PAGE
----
Introduction to PyQt4 Introduction to PyQt4 Home > Python and PyQt4 > Introduction to PyQt4 Creating an application in PyQT4 may be done in a few ways. The most common one is to use QTDesigner, which we get with QT. QTDesigner let us draw the GUI which is very handy for complicated interfaces. We can place widgets on the window, add names etc. To create an application in PyQT4 you have to: Create the GUI in QTDesignerSet names in the Property Editor to ease coding of the application (QTDesigner)Using pyuic4 create the python GUI classCall the application using that GUI classExtend it with our own slotsWhen you use a widget you go to PyQt's Classes and check methods of each used widgets.
Nathan Horne – Technical Artist » PyQt and Maya 2011 Nathan Horne – Technical Artist » PyQt and Maya 2011 Re-posting some information here that I had posted on TD club: Here’s a quick little bit of code showing how to create a custom GUI class using pyqt (Almost all the pyqt examples use this over using some form of .ui file, because it allows for much more control). You can also use it in combination with ui files thanks to pyqt’s uic module. QT does not require objects to have “names”, but if you ever want to find your pyqt objects using MQtUil.findControl then you need to assign it a name using OBJECT.setObjectName(“AwesomeWindow”).
HomeContents In this part of the PyQt4 tutorial we will learn some basic functionality. Simple example This is a simple example showing a small window. First programs in PyQt4 toolkit

First programs in PyQt4 toolkit

With some coworkers, we challenged each other to write the smallest possible game of tron in javascript (an exercise known as javascript golfing). This page explains our final version (219 bytes). We initially worked alone but then exchanged ideas and tricks, so erling & mathewsb deserve most of the credits! our code was originally 226 bytes, but "Cosmologicon" pointed out a way to save three whole bytes, bringing us to 223 bytes. javascript game of tron in 219 bytes javascript game of tron in 219 bytes
New in version 2.5. Source code: Lib/ The functools module is for higher-order functions: functions that act on or return other functions. In general, any callable object can be treated as a function for the purposes of this module. 9.8. functools — Higher-order functions and operations on callable objects — Python v2.7.2 documentation 9.8. functools — Higher-order functions and operations on callable objects — Python v2.7.2 documentation
mediawiki-parser/parsers.rst at master · erikrose/mediawiki-parser
Essential Python Reading List

Essential Python Reading List

Here’s my essential Python reading list. I’ve tried to order the items so you can pause or stop reading at any point: at every stage you’ll have learned about as much possible about Python for the effort you’ve put in. The Zen of Python The Zen of Python is so short I can include it here in its entirety. Typing import this in an interpreted session gives a pythonic spin on “Hello, world”. >>> import this The Zen of Python, by Tim Peters Beautiful is better than ugly.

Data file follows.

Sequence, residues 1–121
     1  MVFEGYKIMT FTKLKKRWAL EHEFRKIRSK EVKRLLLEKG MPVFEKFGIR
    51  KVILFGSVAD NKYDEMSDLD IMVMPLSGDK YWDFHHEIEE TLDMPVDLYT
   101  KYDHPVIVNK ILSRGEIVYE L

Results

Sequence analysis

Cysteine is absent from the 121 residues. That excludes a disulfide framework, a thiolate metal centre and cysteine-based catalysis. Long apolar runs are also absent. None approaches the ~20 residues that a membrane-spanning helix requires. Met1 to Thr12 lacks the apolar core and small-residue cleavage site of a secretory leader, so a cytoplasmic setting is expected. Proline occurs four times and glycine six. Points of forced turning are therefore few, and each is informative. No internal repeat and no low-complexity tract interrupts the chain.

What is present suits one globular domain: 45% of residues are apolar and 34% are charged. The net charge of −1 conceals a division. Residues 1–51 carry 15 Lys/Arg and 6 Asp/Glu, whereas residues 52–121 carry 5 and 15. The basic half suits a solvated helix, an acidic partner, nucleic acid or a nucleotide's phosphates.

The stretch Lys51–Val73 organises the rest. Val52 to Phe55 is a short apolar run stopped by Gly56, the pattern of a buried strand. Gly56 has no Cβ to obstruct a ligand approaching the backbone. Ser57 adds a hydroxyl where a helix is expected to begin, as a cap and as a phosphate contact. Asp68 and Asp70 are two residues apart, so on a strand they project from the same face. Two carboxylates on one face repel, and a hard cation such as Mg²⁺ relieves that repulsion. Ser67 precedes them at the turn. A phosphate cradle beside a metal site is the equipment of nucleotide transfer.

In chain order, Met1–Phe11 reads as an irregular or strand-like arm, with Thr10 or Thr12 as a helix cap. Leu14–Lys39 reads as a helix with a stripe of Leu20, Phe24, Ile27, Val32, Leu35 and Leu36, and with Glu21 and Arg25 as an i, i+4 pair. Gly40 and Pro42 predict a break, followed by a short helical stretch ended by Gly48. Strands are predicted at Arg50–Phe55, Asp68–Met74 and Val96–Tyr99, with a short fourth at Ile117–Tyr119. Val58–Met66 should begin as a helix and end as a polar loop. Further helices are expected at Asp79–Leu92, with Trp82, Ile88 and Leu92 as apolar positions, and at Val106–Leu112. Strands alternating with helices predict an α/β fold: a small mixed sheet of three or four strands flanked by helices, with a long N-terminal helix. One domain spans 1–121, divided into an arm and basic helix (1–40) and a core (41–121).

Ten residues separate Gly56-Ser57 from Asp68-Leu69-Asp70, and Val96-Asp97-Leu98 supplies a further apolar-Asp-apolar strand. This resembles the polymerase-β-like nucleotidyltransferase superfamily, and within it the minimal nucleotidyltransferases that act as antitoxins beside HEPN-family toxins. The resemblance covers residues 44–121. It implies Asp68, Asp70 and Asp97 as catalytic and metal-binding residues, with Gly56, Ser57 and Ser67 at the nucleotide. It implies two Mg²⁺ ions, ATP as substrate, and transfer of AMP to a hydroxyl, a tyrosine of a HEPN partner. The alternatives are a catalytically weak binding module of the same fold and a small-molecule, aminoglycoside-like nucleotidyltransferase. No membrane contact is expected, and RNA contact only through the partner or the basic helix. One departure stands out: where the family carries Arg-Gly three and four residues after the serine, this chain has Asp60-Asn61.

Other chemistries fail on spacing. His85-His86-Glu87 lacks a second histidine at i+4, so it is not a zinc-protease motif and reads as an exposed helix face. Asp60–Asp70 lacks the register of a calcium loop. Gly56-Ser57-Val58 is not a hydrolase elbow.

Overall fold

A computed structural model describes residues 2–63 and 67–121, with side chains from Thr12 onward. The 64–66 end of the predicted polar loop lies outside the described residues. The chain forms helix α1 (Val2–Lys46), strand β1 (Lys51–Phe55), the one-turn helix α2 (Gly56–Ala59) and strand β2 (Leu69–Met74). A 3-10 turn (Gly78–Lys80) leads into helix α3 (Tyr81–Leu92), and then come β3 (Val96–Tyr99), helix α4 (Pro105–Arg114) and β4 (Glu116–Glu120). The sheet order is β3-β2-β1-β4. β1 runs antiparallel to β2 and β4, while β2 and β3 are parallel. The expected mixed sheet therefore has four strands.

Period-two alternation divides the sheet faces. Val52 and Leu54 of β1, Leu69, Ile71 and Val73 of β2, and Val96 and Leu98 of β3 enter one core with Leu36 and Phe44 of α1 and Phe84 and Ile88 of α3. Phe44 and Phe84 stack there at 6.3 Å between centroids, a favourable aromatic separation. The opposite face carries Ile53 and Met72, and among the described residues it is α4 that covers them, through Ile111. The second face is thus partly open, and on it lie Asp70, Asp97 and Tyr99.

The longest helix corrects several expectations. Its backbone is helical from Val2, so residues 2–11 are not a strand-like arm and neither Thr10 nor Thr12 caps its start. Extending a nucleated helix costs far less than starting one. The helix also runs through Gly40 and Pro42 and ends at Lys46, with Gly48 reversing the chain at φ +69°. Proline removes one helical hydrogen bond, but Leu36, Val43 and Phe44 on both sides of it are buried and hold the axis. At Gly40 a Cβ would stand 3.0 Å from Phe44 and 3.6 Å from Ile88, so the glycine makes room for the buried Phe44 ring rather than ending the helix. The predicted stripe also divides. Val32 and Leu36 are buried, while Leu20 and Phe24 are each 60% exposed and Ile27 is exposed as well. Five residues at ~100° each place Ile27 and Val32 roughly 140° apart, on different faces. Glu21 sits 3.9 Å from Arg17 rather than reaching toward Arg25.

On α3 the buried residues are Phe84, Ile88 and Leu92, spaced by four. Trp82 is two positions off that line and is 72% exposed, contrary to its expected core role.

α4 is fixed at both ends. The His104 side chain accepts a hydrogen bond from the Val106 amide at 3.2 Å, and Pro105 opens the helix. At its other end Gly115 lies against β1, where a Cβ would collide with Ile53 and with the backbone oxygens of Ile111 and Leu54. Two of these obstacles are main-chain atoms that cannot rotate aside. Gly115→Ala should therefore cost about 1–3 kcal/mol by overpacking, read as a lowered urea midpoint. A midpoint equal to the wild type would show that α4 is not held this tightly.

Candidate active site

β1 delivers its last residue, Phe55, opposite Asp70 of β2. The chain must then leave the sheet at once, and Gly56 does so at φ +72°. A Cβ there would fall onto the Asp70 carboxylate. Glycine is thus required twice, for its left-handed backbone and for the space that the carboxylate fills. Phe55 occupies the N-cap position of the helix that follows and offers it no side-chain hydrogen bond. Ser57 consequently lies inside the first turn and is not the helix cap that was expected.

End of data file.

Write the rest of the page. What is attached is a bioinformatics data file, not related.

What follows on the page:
Python functional programming for mathematicians « mvngu Python functional programming for mathematicians « mvngu This tutorial discusses some techniques of functional programming that might be of interest to mathematicians or people who use Python for scientific computation. We first start off with a brief overview of procedural and object-oriented programming, and then discuss functional programming techniques. Along the way, we briefly review Python’s built-in support for functional programming, including filter(), lambda, map() and reduce().
The igraph library for complex network research
NodeBox is a Mac OS X open-source application for creating 2D visual output (static or animated) using Python programming language. The application targets an audience of designers, with an easy set of state commands that is both intuitive and creative. It is essentially a learning environment and an automation tool. NodeBox also allows PDF and Quicktime export, as well as importing vector files from Adobe Illustrator. NodeBox NodeBox
Computational Legal Studies™ | Computational Legal Studies™
Programming Dynamic Models in Python In this series of tutorials, we are going to focus on the theory and implementation of transmission models in some kind of population. In epidemiology, it is common to model the transmission of a pathogen from one person to another. In the social sciences and law, we may be interested in thinking about the way in which individuals influence each other’s opinions, ideology and actions. These two examples are different, but in many ways analogous: it is not difficult to imagine the influence that one individual has on another as being similar to the infectivity of a virus in the sense that both have the ability to change the state of an individual. One may go from being susceptible to being infected, or from unconvinced to convinced. Additionally, social networks have become an important area of study for epidemiological modelers. Programming Dynamic Models in Python
Houdini Python GUI

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Note: The code samples in this tutorial uses doctest to make sure that they actually work. Since some code samples behave differently under Linux, Windows, or Mac OS X, they contain doctest directives in comments. Note: Quite some code samples references the ctypes c_int type. ctypes tutorial